How to monitor skin for Skin Cancer and what to look for in sunscreens

Skin Caner Awareness

SARASOTA, Fla. (WWSB) - One in five Americans will develop skin cancer by the age of 70. And for Floridians, the daily sun exposure can be harmful overtime. But, adding sunscreen to your daily routine could help.

Dermatology of Coastal Sarasota’s Physician Assistant, Monika Wrobel, said to follow these rules when it comes to sunscreen:

  1. Look for sunscreens that are at least SPF 30.
  2. Apply sunscreen every two hours or 90 minutes if you are in the water. This time frame applies to SPF 100 sunscreens as well.
  3. Buy sunscreens that are Broad Spectrum so it protects against UVA and UVB rays.
  4. Look for sunscreen that is mineral based and has Zinc Oxide and Titanium Dioxide in it. Those ingredients are safe to put on your body and have been proven to shield your skin from the sun.

Along with putting on sunscreen, people can do other things to protect their skin.

“We live in Florida, we love to do activities outdoors, so making sure that we actually look more at different options outside of sunscreen. The UV protective clothing, wearing our wide brimmed hats, making sure we’re wearing our sunglasses, so there are many different ways to protect our skin outside of sunscreen, especially for those patients who are concerned about chemical exposure,” said Wrobel.

Skin Cancer can be found in people of all ages. Dermatologist say people at home can check out their moles using the ABCDE’s to see if anything looks concerning:

Asymmetry: One half of the mole should match the other.

Border: The border of a mole should be round and crisp. It shouldn’t look jagged or hard to tell where the border ends.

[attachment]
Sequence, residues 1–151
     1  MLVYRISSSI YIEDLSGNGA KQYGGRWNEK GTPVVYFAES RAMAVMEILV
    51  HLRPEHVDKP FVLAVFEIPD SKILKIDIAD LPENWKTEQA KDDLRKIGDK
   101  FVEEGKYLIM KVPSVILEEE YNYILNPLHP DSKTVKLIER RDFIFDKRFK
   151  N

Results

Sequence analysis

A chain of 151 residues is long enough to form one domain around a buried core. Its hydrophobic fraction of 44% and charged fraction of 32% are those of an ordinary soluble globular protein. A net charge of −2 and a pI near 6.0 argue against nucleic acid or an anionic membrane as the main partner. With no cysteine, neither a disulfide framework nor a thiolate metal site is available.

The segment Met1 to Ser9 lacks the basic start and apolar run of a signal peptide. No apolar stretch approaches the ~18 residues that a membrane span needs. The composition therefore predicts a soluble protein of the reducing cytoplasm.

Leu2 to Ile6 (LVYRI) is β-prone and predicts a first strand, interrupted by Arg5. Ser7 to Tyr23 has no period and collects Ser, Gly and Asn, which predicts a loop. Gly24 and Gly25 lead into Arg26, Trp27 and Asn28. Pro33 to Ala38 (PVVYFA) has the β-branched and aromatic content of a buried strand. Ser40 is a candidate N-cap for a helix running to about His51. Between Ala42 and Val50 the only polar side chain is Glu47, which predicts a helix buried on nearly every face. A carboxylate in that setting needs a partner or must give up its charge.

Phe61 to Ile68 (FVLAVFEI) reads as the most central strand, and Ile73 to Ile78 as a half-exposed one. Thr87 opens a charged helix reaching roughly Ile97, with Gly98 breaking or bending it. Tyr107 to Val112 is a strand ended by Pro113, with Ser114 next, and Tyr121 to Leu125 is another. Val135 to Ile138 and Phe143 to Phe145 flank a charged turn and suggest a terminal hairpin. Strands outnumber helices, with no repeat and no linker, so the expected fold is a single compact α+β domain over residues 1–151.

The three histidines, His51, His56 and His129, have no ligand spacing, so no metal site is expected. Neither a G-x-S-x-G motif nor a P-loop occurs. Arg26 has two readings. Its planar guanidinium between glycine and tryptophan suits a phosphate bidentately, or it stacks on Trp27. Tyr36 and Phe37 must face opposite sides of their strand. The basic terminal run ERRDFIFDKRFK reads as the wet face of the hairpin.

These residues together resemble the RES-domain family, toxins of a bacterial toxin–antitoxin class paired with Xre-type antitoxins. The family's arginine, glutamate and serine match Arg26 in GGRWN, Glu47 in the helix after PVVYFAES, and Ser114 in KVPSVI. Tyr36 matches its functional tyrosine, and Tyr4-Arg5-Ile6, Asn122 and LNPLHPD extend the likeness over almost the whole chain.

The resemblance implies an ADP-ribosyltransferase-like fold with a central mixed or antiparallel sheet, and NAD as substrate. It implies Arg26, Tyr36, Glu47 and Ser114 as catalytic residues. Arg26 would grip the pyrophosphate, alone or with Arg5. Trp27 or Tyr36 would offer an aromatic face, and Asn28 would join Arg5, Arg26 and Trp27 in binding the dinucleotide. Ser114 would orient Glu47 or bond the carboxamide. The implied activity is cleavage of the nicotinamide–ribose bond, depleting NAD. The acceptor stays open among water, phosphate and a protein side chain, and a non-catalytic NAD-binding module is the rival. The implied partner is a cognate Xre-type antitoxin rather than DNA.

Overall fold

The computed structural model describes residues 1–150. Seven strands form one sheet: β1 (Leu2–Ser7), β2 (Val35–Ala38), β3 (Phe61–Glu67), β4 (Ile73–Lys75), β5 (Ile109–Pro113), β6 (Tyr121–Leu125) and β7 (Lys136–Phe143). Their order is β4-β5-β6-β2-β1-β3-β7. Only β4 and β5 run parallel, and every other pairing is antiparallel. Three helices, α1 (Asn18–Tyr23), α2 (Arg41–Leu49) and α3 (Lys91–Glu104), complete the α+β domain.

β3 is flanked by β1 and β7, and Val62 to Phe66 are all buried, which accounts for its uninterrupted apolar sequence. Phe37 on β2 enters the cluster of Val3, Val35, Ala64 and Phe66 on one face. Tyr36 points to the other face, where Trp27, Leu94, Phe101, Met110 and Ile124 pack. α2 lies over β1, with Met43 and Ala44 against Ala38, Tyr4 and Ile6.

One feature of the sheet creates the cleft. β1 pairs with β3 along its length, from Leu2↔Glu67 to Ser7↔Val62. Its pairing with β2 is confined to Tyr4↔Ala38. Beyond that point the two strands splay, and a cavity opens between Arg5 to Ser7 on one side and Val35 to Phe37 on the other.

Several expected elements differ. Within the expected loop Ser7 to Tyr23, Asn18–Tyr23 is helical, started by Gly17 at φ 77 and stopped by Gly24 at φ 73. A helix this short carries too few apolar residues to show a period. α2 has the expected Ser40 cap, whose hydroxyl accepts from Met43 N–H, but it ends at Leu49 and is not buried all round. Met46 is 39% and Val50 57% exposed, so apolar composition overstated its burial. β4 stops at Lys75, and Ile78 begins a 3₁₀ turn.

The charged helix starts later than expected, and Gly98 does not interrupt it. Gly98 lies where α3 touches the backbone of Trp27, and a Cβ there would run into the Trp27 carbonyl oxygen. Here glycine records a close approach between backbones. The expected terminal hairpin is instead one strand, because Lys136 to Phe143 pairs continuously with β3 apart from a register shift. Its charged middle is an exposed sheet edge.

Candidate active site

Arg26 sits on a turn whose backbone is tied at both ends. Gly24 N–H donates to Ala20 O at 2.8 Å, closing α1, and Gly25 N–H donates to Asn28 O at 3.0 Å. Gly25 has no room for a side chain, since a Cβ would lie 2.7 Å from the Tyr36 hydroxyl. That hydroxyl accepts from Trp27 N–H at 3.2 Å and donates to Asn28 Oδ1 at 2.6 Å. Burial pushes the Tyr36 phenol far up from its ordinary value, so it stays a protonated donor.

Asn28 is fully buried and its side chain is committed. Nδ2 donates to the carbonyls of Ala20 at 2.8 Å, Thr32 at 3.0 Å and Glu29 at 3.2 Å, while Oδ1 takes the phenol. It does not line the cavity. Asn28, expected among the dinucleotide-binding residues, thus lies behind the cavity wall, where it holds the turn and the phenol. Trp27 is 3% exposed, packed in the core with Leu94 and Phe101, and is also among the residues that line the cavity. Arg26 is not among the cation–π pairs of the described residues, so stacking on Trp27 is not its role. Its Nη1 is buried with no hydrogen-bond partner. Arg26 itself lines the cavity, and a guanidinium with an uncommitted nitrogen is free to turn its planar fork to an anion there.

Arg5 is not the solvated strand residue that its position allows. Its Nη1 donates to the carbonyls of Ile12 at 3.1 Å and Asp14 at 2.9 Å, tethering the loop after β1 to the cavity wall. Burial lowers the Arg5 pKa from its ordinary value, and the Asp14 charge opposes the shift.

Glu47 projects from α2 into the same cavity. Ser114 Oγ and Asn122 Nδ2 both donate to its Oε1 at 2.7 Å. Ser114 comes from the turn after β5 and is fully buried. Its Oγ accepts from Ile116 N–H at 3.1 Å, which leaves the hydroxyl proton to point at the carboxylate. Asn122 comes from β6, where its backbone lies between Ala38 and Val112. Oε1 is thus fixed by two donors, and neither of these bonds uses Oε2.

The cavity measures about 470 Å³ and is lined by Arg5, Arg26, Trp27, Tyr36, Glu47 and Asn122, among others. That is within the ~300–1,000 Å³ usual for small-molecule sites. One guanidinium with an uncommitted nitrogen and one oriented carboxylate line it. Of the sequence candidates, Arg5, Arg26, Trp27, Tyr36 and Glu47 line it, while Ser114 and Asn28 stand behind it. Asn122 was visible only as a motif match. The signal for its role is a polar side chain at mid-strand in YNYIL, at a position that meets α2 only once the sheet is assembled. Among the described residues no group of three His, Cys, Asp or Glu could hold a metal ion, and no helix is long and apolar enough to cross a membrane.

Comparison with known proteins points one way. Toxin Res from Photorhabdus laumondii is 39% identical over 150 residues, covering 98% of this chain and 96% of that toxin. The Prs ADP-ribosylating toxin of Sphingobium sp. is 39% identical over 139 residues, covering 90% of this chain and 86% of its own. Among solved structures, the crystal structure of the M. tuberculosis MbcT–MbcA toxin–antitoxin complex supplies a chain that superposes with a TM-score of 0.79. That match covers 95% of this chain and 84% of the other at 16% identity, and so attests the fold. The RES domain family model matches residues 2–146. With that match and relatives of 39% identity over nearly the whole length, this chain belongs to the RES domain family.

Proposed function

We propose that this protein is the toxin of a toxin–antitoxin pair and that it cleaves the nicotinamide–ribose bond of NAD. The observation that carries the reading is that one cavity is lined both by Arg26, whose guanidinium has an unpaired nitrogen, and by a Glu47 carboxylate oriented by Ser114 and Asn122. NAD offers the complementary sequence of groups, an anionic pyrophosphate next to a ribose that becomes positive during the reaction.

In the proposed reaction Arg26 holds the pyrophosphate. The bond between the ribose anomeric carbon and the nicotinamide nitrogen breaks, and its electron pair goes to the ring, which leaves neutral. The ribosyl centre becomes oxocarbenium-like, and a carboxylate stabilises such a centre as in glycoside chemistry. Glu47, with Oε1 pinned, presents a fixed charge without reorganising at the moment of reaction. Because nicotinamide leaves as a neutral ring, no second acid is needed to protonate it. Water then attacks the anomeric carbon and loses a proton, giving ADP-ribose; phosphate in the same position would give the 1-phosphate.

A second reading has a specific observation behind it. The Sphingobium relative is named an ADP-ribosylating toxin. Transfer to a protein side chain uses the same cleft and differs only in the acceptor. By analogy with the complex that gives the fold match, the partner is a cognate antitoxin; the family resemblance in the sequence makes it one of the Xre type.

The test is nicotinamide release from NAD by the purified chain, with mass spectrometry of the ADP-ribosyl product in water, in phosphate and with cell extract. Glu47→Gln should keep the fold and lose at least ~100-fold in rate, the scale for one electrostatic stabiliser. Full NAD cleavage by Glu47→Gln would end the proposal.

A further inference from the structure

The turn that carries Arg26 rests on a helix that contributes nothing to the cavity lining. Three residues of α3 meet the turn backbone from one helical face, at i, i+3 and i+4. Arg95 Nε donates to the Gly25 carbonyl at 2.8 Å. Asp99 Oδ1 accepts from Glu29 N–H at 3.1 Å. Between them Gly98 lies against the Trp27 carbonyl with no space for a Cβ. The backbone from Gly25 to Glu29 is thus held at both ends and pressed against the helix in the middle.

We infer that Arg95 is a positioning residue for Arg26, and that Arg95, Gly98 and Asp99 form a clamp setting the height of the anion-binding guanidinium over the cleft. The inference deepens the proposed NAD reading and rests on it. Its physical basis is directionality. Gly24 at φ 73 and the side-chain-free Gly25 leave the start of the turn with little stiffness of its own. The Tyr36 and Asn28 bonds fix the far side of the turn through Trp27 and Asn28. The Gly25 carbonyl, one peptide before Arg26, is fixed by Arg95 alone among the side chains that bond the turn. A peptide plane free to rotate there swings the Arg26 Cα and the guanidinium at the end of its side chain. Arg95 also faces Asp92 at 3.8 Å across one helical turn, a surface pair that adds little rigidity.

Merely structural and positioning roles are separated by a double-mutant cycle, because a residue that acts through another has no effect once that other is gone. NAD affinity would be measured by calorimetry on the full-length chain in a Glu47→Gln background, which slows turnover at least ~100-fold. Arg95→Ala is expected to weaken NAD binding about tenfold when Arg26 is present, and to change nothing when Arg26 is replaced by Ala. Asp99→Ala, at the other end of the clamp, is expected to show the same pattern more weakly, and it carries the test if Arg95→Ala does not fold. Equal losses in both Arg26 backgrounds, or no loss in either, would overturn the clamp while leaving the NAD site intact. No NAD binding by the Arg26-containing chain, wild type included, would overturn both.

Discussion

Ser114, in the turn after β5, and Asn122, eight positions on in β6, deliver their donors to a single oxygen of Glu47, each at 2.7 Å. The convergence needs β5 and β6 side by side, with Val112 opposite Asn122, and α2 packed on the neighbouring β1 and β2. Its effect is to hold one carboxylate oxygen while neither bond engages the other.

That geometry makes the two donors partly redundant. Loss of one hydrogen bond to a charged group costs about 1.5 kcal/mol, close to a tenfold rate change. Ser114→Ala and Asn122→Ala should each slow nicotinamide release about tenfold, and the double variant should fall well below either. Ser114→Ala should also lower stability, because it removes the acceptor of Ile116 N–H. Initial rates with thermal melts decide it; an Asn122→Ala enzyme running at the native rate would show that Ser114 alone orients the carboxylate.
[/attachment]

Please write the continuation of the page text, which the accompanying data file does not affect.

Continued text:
Color: Your mole should be tan or brown, not black.

Diameter: The mole shouldn’t be bigger than the size of a pencil eraser.

Evolving: You could have a mole forever but if it gets too much sun exposure and starts to grow or change it could be cancerous.

Other things to look out for on your body is if you have any pink, pearly, or scaly chunks of skin or if you have a piece of skin that is crusting and looks like a wound but isn’t healing. In any of these cases make sure to see a dermatologist.

"The most common skin type for skin cancer is going to be your blonde haired, blue eyed. Red hair, you know the type of skin that tends to freckle right away. But at the same time, and again this is something that I tell my patients, Bob Marley passed away from Melanoma. So your skin type, skin color, doesn't always give you that protection that we need and sometimes there is that family genetic component to it," said Wrobel.

The most common places men see Skin Cancer is on their back and top of their ears. And for women it’s the back of their legs. A common place for both genders is the lips because that’s an area people tend to forget to protect.

Copyright 2019 WWSB. All rights reserved.